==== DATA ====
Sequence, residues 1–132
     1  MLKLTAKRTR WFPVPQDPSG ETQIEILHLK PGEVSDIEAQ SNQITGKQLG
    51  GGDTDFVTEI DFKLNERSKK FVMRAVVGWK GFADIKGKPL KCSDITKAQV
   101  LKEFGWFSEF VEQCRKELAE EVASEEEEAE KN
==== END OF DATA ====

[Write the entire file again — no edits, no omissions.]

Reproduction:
Sequence, residues 1–132
     1  MLKLTAKRTR WFPVPQDPSG ETQIEILHLK PGEVSDIEAQ SNQITGKQLG
    51  GGDTDFVTEI DFKLNERSKK FVMRAVVGWK GFADIKGKPL KCSDITKAQV
   101  LKEFGWFSEF VEQCRKELAE EVASEEEEAE KN